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This website is about Brazilian jiu jitsu (BJJ). I'm a purple belt who started in 2006, teaching and training at Artemis BJJ in Bristol, UK. All content ©2004-2014 Can Sönmez

14 August 2008

14/08/2008 - BJJ (Advanced)

Class #171

Roger Gracie Academy (BJJ), Gustavo Dos Santos Pires, London, UK - 14/08/2008 - Advanced

My gf got funding for her MA at Warwick, so that should hopefully mean loads more training in the future for me. As she will need to get lots of work done, makes sense if I go and spend the first half on the day on campus. In terms of training, it will be way easier to make Warwick Uni BJJ sessions once we move closer, and I also plan to give judo another go (though I remain concerned about injury due to last time, so will be extra-careful).

Tonight's class featured lots of sparring, as often seems to be the case with Gustavo. Very unusually, we started off with full-on sparring, from our feet, so effectively like a competition. I'm always wary of throws, so I was looking to pull guard as soon as possible. My first partner was a rather keen blue belt, meaning that I was sitting in guard looking to see if I could nab his arm somehow. Eventually ended up in half-guard and swept him, but fell straight into a tight choke.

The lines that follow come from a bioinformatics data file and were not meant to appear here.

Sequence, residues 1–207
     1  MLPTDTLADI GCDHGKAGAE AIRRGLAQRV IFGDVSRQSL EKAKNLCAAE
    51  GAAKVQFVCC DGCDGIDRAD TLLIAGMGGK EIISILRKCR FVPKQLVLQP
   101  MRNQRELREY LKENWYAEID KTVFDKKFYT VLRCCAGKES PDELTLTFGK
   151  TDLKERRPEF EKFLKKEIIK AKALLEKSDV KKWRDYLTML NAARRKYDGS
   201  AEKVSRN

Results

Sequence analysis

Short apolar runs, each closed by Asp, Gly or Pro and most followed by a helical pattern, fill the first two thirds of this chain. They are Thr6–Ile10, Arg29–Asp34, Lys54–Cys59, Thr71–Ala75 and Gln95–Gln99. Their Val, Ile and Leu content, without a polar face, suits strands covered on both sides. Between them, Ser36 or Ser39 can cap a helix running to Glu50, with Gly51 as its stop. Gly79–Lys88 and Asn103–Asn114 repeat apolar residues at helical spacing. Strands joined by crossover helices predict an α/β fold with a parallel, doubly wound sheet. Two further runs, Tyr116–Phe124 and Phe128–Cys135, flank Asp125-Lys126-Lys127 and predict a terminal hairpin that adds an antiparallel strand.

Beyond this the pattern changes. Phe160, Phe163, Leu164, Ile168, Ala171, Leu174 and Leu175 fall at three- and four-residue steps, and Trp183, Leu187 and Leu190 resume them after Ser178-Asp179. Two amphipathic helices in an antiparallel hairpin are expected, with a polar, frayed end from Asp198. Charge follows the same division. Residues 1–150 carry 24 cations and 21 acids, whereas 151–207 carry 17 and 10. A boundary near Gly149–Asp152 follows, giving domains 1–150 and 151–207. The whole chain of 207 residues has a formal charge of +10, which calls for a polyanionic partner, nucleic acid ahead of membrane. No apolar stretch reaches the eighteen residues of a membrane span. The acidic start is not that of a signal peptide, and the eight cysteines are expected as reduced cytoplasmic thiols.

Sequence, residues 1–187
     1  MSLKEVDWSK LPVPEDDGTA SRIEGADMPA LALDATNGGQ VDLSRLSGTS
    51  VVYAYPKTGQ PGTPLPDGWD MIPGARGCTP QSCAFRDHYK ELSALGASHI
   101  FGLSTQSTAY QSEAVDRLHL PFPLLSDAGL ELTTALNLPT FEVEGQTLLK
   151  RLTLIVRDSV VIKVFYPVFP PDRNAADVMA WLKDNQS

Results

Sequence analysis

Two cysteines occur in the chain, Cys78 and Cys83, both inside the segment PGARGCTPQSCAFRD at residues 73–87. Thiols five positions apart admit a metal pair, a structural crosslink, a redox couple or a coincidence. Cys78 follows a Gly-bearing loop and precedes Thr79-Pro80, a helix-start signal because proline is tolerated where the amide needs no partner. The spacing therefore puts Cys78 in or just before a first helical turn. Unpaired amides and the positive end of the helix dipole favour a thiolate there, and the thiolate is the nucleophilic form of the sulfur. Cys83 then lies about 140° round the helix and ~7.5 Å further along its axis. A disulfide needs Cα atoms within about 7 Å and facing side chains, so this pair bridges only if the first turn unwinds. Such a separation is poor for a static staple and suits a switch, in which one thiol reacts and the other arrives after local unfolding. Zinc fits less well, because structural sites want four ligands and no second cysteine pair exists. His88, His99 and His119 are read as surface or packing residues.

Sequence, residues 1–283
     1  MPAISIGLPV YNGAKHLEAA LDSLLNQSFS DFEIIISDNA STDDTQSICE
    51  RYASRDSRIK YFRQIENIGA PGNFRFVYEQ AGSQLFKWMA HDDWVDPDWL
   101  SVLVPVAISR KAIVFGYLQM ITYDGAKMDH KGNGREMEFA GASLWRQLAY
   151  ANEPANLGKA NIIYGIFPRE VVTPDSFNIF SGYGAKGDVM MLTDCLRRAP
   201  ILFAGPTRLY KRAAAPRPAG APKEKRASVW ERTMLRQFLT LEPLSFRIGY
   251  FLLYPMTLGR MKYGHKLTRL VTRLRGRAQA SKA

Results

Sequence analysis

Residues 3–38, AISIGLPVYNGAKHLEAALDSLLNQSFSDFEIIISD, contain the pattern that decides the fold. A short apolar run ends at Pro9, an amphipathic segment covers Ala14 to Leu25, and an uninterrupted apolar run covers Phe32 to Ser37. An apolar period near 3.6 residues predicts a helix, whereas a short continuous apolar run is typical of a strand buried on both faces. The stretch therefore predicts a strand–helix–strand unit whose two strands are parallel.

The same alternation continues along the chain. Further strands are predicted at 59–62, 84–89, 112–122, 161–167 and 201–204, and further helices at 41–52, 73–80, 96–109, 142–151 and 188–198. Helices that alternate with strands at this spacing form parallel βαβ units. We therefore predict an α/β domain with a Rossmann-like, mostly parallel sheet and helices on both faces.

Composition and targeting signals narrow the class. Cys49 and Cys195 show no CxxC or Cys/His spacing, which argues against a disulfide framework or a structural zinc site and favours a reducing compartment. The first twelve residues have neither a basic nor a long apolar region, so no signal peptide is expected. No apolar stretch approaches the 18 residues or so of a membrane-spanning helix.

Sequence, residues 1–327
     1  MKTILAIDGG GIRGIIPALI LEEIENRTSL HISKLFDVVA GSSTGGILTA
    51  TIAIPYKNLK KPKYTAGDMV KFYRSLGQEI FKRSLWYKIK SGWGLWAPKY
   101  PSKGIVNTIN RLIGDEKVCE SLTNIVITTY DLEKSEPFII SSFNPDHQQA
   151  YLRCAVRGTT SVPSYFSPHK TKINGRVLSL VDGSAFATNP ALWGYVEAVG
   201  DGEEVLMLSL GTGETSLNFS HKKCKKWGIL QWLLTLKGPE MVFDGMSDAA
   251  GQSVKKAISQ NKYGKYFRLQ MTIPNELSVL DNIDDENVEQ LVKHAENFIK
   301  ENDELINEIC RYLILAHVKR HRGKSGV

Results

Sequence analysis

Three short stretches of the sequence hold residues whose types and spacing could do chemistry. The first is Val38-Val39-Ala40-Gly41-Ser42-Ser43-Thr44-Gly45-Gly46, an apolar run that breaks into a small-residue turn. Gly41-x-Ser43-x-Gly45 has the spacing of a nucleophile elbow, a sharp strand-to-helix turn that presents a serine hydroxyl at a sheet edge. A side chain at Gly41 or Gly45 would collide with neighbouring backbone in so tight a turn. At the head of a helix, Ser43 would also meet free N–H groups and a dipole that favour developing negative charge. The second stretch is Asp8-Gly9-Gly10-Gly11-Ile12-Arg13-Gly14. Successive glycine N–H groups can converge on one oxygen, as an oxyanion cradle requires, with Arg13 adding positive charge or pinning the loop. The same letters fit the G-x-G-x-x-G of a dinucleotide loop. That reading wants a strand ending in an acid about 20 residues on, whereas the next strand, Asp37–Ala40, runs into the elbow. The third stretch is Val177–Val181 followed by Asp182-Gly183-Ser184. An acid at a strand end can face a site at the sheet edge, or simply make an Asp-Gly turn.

I don't think I tapped (unless it was reflex or something, as the choke was quite forceful), but either way looks like he thought I did, so eased off. Should have stayed on, but he seemed happy to leave, meaning I could then get swiftly passed by my next partner. Also reminds me to be careful of chokes from half-guard: not sure if the usual defence works as well, as I can't then base up so easily. Something to think about.

Gustavo then showed one of his seemingly endless repertoire of open guard sweeps. You have both their sleeves, they're on their knees. Bring one leg over an arm, then hook under the other arm. Sit up and straighten that same leg, pushing off with your other leg, sweeping them to one side.